A teacher who was convicted of molesting five-year-old in Cambodia has returned to the UK and been to told to join sex offenders register.
Mark Smith, 40, was the vice principal of Golden Bridge International School, in Phnom Penh, when he took the young student home and molested her. Unfortunately, the problem of child sexual abuse is also urgent for the USA private boarding schools (read more at https://abuseguardian.com).
He returned to the UK earlier this year and was ordered to attend British courts over the offence.
Mike G Law official website states, that Smith, who who now lives in Gorleston-on-Sea, Great Yarmouth, insisted at the hearing at Great Yarmouth Magistrates’ Court that he would: ”Prove his innocence and overturn the conviction.”
Prosecuting, Mr Owens said: ”I understand Mr Smith is seeking to have this case overturned, but as Cambodian laws are similar to UK laws on this offence, he is required to join the sex offenders register here.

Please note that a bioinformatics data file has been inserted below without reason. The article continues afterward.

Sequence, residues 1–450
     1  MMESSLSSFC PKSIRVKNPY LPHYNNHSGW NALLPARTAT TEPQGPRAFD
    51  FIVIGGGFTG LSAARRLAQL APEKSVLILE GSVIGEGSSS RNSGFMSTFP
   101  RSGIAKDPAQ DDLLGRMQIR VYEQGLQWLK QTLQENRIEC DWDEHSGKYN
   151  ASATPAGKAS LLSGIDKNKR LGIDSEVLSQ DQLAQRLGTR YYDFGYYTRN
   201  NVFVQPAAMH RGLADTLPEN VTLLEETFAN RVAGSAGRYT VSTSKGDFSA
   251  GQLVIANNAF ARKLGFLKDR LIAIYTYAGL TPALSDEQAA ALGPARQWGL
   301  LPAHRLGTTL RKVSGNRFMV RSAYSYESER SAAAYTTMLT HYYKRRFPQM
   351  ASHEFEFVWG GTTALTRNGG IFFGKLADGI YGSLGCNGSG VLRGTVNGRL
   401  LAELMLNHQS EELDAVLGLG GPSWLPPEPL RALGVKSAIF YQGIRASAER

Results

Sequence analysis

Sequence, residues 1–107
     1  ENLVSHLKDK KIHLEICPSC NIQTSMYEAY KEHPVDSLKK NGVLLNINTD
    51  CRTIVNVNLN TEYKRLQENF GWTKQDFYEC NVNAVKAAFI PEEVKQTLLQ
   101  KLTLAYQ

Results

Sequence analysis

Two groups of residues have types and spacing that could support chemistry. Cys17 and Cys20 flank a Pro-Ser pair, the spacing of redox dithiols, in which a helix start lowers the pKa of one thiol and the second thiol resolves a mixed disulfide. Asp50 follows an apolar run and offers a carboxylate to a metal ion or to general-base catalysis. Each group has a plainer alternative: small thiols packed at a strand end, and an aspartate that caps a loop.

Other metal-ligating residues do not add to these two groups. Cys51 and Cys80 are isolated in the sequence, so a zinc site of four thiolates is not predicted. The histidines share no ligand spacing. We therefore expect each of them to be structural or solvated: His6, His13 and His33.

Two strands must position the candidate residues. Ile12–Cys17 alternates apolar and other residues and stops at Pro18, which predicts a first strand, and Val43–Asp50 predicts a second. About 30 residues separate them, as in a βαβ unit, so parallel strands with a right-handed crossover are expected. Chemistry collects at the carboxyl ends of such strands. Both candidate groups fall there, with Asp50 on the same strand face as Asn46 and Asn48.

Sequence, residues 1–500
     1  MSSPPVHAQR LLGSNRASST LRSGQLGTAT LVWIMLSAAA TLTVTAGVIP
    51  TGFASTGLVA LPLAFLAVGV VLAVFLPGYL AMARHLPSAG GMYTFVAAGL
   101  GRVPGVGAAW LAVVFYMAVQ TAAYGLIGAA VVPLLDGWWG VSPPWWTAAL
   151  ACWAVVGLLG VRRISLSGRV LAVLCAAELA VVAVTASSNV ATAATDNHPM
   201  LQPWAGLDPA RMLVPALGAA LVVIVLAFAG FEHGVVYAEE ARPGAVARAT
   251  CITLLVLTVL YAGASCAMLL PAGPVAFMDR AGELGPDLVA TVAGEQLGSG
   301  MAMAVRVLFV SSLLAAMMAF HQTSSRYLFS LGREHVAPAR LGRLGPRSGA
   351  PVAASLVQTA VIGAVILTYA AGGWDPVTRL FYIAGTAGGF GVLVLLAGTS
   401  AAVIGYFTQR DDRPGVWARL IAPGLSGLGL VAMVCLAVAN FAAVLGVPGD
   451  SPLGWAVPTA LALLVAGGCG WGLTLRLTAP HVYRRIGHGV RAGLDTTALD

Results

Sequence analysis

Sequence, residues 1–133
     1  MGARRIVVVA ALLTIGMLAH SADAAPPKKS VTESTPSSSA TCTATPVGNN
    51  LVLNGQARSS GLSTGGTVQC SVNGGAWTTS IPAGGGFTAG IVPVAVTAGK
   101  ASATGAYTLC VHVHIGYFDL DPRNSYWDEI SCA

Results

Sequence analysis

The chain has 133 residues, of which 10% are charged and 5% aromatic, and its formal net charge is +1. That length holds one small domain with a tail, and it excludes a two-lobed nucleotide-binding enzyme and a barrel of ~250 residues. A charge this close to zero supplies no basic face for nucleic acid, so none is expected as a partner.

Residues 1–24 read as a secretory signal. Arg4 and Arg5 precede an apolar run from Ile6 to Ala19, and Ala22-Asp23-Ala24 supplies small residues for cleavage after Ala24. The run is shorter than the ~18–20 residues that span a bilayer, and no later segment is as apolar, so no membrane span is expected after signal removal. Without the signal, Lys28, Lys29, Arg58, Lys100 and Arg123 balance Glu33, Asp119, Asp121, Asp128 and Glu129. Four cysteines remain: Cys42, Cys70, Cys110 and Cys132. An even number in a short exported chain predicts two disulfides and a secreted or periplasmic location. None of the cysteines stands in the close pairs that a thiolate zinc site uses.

”He will be on it for 10 years, but can be removed if the conviction is overturned”
Smith moved to Siem Reap, Cambodia, in 2007, where he started working at Smart Kids International School.
He became the vice Principal at Golden Bridge International School in Phnom Penh in 2014 but was removed after parents of the girl claimed he had assaulted her.
The allegations surfaced on Cambodian radio in July 2017 when the host was discussing the case of British paedophile Clive Cressy, a doctor arrested for abusing girls.
He was convicted of an indecent sexual act against a minor at Phnom Penh Municipal Court on March 22 this year.
Smith, a father of two, was previously fined five million Cambodian Riels ($1,250), and was handed a two year suspended jail sentence.
Cambodia allows a three-month window to appeal convictions. This has now passed.
Khoem Vando from Action Pour Les Enfants (APLE), which worked on the case, said in March this year there was ”sufficient evidence was found to justify the arrest of Mark Andrew Smith”.
Speaking after the verdict yesterday, APLE Executive Director Seila Samleang added: ”It is a grave concern to observe the growing incidence of child sexual abuse in private schools, orphanages and child welfare organisations over the last few years.”